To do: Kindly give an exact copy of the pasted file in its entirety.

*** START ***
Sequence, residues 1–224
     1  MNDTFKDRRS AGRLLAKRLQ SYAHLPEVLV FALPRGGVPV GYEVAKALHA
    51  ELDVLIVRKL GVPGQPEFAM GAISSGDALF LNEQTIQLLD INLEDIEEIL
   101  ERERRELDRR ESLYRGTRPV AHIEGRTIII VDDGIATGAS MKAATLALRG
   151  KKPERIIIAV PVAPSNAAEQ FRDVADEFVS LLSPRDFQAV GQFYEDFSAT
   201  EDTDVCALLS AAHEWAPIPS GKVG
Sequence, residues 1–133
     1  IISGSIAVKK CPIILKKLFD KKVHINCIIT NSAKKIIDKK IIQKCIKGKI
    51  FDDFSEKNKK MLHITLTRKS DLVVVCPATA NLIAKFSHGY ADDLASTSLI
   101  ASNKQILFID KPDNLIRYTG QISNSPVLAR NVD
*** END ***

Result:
Sequence, residues 1–224
     1  MNDTFKDRRS AGRLLAKRLQ SYAHLPEVLV FALPRGGVPV GYEVAKALHA
    51  ELDVLIVRKL GVPGQPEFAM GAISSGDALF LNEQTIQLLD INLEDIEEIL
   101  ERERRELDRR ESLYRGTRPV AHIEGRTIII VDDGIATGAS MKAATLALRG
   151  KKPERIIIAV PVAPSNAAEQ FRDVADEFVS LLSPRDFQAV GQFYEDFSAT
   201  EDTDVCALLS AAHEWAPIPS GKVG
Sequence, residues 1–133
     1  IISGSIAVKK CPIILKKLFD KKVHINCIIT NSAKKIIDKK IIQKCIKGKI
    51  FDDFSEKNKK MLHITLTRKS DLVVVCPATA NLIAKFSHGY ADDLASTSLI
   101  ASNKQILFID KPDNLIRYTG QISNSPVLAR NVD